B36.    The focus on whether the stated control objectives have been met as the target for determining whether a material weakness continues to exist does accommodate the circumstance in which a deficiency or significant deficiency continues to exist in that area of the company's internal control over financial reporting.  Although several commenters linked this result with the focus on control objectives, this potential result would exist in any case within the overall construct of this standard, completely apart from the focus on control objectives.  The potential for less severe deficiencies to persist in an area in which a previously reported material weakness no longer exists parallels the reporting results of an engagement performed under Auditing Standard No. 2.  According to that standard, only material weaknesses (not less severe weaknesses) are disclosed in an auditor's report and only the existence of a material weakness and not less severe weaknesses affects the auditor's opinion on the effectiveness of the company's internal control over financial reporting.  As an illustration, assume that a company that had previously reported a material weakness in internal control over financial reporting elected to wait until the auditor's next annual report issued pursuant to Auditing Standard No. 2 to obtain auditor assurance related to the existence of the material weakness.  If the control weakness that had previously risen to the level of material weakness were reduced to a significant deficiency or deficiency as of the company's next year-end, the auditor's next report issued under Auditing Standard No. 2 would present an unqualified opinion indicating that the company's internal control over financial reporting was effective.  The Board concluded that the users of an auditor's report on whether a previously reported material weakness continues to exist need only receive auditor assurance that the material weakness no longer exists and not more detailed information about whether less severe control deficiencies continue to persist.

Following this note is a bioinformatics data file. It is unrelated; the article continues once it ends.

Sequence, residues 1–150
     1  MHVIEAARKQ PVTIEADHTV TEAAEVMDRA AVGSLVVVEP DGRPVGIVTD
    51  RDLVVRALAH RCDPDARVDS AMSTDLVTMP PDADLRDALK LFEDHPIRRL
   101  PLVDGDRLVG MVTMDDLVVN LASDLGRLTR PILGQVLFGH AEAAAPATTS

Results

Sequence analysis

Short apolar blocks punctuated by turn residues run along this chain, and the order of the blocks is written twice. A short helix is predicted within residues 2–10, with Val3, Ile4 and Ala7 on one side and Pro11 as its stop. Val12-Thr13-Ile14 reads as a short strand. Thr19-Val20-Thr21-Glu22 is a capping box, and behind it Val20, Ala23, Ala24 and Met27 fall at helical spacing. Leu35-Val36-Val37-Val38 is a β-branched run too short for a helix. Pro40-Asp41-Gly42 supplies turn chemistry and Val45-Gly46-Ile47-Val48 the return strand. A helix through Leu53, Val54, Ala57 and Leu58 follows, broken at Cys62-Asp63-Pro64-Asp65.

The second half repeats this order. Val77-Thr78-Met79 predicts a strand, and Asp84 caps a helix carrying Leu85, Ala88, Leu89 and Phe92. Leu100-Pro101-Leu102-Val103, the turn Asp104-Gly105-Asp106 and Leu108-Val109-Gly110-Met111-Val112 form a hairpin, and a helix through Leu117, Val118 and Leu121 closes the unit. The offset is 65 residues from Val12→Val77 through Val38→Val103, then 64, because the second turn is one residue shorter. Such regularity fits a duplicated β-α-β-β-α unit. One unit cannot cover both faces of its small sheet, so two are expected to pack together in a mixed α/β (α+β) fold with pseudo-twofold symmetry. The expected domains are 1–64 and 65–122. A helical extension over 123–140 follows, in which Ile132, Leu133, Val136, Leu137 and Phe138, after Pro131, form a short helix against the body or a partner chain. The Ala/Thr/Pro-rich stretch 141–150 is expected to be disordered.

B37.    The Board notes, however, that paragraph 140 of Auditing Standard No. 2 states (in part) that strong indicators of a material weakness include circumstances in which significant deficiencies that have been communicated to management and the audit committee remain uncorrected after some reasonable period of time.  If management does not plan to correct the significant deficiency within a reasonable period of time, the auditor should evaluate whether the remaining significant deficiency could be indicative of a material weakness in internal control over financial reporting.  An auditor is not required to provide an opinion under this voluntary engagement, and could reasonably decline to provide an opinion under such circumstances.